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Trump Judge Tries to Strike Down Obama-Era Rule Improving Mine Safety: Confirmed Judges, Confirmed Fears

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Trump Judge Tries to Strike Down Obama-Era Rule Improving Mine Safety: Confirmed Judges, Confirmed Fears

Confirmed Judges, Confirmed Fears” is a blog series documenting the harmful impact of President Trump’s judges on Americans’ rights and liberties. Cases in the series can be found by issue and by judge at this link.

Trump Eleventh Circuit judge Barbara Lagoa,  agreeing with the mining industry, tried in dissent to invalidate a Mine Safety and Health Administration (MSHA) rule promulgated during the Obama Administration to better protect mine workers from safety hazards. The majority rejected Lagoa’s arguments and upheld the rule, which the Trump Administration had tried to weaken, in its January 2021 decision in National Mining Ass’n v United Steel Workers.

In 2016-17, at the end of the Obama Administration, MSHA promulgated a new rule designed to strengthen requirements concerning inspection of mines and notification to miners and recording of safety problems. The rule was challenged by the mining industry, but that challenge was put on hold as the Trump Administration tried to weaken the rule and workers and their unions challenged the Trump actions. Despite the dissent of Trump judge Greg Katsas, the DC Circuit invalidated the Trump actions and restored the Obama rule, so that the industry challenge to the tougher Obama rule went forward where it was filed, in the Eleventh Circuit. Because of concerns about the Trump Administration’s defense of the rule, several unions sought and were allowed to intervene to help defend it.

In a 2-1 decision written by Judge Robert Anderson, the Eleventh Circuit rejected the industry attack and upheld the mine safety rule. The majority explained that MSHA was seeking to improve a 1979 standard concerning mine inspections and held four public hearings and received 79 comments on its proposal. The majority found that the final rule “plainly enhances mine operators’ obligations with an eye toward augmenting miner safety.” While the 1979 rule required one inspection during each shift and corrective action as necessary, the majority continued, the new rule requires the examination to occur “before each shift”, with prompt notification to miners and better recordkeeping as well as corrective action.  The majority concluded that it was clear that MSHA’s experience and expertise, as well as the administrative record that included information on 16 fatal mine accidents, 12 of which concerned problems that mine operators “knew of but failed to correct,” provided “ample support” for MSHA’s rule.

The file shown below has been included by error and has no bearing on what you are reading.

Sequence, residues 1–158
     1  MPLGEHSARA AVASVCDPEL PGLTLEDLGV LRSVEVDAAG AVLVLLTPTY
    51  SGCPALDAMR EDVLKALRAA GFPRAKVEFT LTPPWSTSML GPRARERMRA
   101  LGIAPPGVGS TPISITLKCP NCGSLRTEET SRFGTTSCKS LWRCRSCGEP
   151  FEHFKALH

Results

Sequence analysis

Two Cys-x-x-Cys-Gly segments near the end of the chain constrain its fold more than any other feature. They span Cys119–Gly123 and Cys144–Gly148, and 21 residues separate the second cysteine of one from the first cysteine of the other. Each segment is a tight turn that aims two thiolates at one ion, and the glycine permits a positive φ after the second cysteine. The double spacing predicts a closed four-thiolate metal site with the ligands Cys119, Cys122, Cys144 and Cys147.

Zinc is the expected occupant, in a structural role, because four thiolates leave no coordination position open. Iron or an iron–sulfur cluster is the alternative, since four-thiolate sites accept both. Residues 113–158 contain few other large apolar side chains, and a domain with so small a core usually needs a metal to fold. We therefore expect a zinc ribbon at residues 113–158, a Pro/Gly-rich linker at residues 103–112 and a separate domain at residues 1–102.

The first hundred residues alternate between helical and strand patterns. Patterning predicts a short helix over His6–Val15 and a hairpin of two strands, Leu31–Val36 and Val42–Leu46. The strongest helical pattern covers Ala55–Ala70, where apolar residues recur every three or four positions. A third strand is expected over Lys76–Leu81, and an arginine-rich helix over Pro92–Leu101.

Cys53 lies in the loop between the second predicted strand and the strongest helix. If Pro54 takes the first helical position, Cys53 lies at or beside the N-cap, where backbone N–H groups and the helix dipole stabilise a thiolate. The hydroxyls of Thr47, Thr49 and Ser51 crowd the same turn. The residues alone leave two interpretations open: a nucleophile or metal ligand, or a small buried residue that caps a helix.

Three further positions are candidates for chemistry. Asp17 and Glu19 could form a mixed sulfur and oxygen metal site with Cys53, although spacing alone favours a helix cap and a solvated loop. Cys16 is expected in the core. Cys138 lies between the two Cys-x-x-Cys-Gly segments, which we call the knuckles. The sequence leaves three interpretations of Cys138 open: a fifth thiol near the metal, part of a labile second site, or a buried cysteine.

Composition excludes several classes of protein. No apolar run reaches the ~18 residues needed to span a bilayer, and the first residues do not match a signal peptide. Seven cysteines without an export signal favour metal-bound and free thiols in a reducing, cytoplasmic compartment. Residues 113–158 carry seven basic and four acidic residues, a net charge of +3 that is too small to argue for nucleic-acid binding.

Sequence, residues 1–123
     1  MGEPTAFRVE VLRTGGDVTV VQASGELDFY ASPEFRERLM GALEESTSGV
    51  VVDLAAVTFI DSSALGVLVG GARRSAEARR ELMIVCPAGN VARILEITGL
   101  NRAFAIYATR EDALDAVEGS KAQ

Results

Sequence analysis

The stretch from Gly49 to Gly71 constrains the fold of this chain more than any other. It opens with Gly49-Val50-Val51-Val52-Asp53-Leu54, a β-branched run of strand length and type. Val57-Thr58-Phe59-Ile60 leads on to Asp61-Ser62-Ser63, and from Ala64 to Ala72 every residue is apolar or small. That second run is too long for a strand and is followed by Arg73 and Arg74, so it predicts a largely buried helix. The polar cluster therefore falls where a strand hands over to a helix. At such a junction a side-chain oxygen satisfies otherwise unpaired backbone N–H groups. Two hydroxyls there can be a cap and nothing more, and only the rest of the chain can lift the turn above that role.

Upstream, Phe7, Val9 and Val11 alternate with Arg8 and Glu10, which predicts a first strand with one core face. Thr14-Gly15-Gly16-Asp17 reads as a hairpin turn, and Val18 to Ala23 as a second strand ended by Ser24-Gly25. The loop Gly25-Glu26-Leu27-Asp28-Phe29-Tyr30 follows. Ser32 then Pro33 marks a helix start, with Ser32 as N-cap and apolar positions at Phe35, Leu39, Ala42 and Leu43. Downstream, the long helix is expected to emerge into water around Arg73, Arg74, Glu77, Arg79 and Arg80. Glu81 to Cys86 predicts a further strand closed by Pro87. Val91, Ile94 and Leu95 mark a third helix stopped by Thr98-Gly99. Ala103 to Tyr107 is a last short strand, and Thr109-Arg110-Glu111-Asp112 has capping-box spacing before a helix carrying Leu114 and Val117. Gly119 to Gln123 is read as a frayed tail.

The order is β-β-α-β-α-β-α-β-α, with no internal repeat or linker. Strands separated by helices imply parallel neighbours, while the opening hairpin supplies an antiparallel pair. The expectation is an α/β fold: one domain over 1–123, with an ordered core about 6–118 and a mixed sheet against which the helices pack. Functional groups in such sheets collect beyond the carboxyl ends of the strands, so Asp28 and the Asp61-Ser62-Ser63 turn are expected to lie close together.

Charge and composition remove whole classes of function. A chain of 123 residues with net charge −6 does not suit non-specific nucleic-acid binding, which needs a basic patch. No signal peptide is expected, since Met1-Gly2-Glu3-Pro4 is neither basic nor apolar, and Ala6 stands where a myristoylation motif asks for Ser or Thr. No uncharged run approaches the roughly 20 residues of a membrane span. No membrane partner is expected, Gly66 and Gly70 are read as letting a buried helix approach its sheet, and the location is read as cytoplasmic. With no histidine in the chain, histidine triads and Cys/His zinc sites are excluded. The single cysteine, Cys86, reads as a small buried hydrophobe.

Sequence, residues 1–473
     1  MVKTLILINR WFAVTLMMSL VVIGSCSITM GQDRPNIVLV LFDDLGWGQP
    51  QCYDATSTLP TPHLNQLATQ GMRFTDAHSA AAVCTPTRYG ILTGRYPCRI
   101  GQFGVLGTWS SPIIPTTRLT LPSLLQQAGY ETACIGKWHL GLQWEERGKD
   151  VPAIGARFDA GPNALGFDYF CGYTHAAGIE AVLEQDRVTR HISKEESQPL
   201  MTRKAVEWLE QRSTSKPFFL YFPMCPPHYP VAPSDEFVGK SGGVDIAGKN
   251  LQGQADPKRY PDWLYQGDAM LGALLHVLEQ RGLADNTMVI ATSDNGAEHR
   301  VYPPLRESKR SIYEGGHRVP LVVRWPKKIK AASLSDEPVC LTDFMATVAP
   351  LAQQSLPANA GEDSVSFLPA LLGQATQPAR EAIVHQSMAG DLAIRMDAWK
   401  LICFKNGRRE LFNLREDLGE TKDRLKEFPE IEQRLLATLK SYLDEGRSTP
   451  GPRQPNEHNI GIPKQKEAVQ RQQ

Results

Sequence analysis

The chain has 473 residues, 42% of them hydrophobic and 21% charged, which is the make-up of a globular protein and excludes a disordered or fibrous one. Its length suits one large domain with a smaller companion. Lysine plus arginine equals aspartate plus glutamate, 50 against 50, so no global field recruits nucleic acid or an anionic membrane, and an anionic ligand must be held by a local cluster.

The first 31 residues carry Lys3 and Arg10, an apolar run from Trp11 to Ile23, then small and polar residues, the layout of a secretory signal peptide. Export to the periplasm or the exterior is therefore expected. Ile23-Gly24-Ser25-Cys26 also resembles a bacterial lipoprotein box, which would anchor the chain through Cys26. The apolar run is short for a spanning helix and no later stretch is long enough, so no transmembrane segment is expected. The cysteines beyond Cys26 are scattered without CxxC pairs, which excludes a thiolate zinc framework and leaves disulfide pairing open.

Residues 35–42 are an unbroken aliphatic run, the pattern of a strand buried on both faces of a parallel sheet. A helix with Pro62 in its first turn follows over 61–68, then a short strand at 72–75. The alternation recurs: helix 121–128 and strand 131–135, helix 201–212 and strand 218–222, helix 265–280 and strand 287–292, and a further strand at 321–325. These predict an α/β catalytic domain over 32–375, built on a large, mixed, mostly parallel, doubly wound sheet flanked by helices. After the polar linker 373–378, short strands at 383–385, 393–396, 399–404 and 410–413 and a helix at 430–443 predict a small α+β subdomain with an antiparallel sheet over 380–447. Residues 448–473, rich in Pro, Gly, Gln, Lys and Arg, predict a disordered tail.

Trump judge Lagoa dissented and argued that the rule should be invalidated. She accepted mining industry arguments that the rule was “arbitrary and capricious” because it “lacks any rational connection to the evidence offered,” even though she conceded that court review under that standard should be “highly deferential” to the agency. Lagoa maintained that MSHA had relied on the 16 fatal accidents and its own expertise in a “conclusory” manner, without specifically linking them to the particular new requirements it was imposing. This argument applied, Lagoa asserted, to all three of the enhanced rule requirements – the mandate to conduct inspections before shifts begin, to notify miners promptly of problems, and to keep better records. She complained that MSHA had failed to reference its 2010-2015 study of past accidents in its section-by-section analysis of the rule, and she relied heavily on a 2010 DC Circuit ruling that rejected MSHA’s general reliance on its “knowledge and experience” to justify a different rule.

The majority explained what was wrong with Lagoa’s arguments. Contrary to her claim, the majority noted, it had in fact considered the 2010 DC Circuit case and found, unlike  the situation in that ruling, that MSHA had shown “what” its experience was and “how it informed the determination” with respect to its changes in all three areas of the previous rule. The agency was well within its discretion, the majority wrote, to determine that “only an examination and notice before work begins could alert” workers to  “hazards so they can take protective measures.” As to the 2010-2015 study, the majority pointed out, MSHA had “expressly referenced” the study in the background section of the final rule, so that the reference need not be “repeated” later. Overall, the majority concluded, the rule’s “impact on miner safety plainly improves on the 1979 standards” and it is “not arbitrary and capricious.”

After years of litigation and attempts to backtrack by the Trump Administration, therefore, MSHA’s important rule on mine safety inspections should now go into effect. If it had been up to Trump judge Lagoa, however, that rule would have been eliminated. Her opinion may well provide a preview of how she and other Trump judges will review and seek to invalidate new rules under the Biden Administration.